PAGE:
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Little did music professor Caryl Conger know when she was earning her master’s degree that she would later become sought after by lower brass players around the world as a piano accompanist. Around 1980 when she was finishing her graduate degree at the University of Kentucky, she was asked by her professor Skip Gray to perform with him in a concert for tuba and piano. “No one wanted to do it, so he asked me. I had no idea what we would play and that intrigued me. There’s nothing I love more than starting a new piece of music,” says Conger. After that one concert, Gray introduced her to many internationally known lower brass players with whom she eventually played and became friends. “It has been great fun. I tell my students that it’s important to keep their minds open about musical experiences. One day I said yes to something that was unknown to me. If I would have said no, I would have to check off 10 to 15 great friends of mine and hundreds of wonderful musical experiences,” says Conger, who is the only member of the International Tuba and Euphonium Association who is not a tuba or euphonium player or doesn’t make those instruments.

Caryl CongerIn addition to being a sought-after musician, Conger organizes and directs the RU Bartók-Kabalevsky-Prokofiev Piano Competition and Festival that brings close to 100 elite pianists from across the globe to Southwest Virginia. Professor emeritus of music Kathryn Obenshain first organized the festival in 1980 and after she retired, Conger continued the tradition. She puts in a few hours a week throughout the summer, but come March it’s almost like another job. “From March to May I put in about 12 to 15 hours a week on such things as writing financial reports, mailing certificates to winners and updating the competition’s brochure.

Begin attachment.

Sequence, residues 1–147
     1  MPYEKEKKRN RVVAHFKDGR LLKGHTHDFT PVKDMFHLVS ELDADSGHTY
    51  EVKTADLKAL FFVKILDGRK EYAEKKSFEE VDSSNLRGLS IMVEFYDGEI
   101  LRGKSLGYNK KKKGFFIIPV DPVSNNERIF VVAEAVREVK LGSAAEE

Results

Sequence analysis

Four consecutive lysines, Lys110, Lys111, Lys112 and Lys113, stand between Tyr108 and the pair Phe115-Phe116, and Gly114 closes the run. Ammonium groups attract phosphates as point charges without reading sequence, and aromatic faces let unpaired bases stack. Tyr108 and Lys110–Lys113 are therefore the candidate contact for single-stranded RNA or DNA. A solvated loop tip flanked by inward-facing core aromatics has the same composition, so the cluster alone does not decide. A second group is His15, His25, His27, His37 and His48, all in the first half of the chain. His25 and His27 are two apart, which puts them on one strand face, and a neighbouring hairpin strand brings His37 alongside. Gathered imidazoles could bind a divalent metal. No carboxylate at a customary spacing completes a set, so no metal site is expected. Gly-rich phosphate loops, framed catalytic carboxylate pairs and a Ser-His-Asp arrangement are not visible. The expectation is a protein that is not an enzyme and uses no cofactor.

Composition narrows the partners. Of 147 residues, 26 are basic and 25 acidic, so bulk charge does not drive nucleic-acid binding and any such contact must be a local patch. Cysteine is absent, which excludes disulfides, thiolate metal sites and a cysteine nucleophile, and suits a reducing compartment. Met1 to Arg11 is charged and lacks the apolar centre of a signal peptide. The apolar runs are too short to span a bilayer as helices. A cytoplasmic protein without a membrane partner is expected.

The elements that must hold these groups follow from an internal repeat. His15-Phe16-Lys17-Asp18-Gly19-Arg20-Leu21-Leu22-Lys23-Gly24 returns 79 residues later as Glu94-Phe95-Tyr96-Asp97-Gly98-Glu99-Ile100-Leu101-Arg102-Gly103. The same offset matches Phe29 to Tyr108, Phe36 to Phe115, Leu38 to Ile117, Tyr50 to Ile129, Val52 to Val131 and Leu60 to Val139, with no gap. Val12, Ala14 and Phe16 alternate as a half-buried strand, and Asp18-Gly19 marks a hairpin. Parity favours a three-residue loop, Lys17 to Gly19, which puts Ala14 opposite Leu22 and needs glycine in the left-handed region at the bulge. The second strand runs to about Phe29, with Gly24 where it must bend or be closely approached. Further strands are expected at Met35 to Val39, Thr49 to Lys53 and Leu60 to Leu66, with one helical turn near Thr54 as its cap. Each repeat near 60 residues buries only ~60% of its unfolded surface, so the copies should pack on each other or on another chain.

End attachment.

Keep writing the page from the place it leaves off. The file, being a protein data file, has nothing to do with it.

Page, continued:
“For 362 days a year, I wonder why I do it. But that one weekend, something so exciting happens. When it all comes together, 100 pianists from 26 states and nine foreign countries come together with so much enthusiasm. They practice for a year to get ready for this competition,” says Conger.

About 20 judges from our local area judge the preliminary competition. Internationally renowned pianist Gyorgy Sandor judges the finalists and conducts a master class. He always makes sure the festival is on his calendar. “He’s cancelled things in other parts of the world to be here. I was amazed when he told me he turned down teaching a master class in Barcelona to be here at Radford,” says Conger. Students also get involved in the festival. They help Conger in many ways during the festival including chaperoning non-English-speaking contestants to the dining hall.

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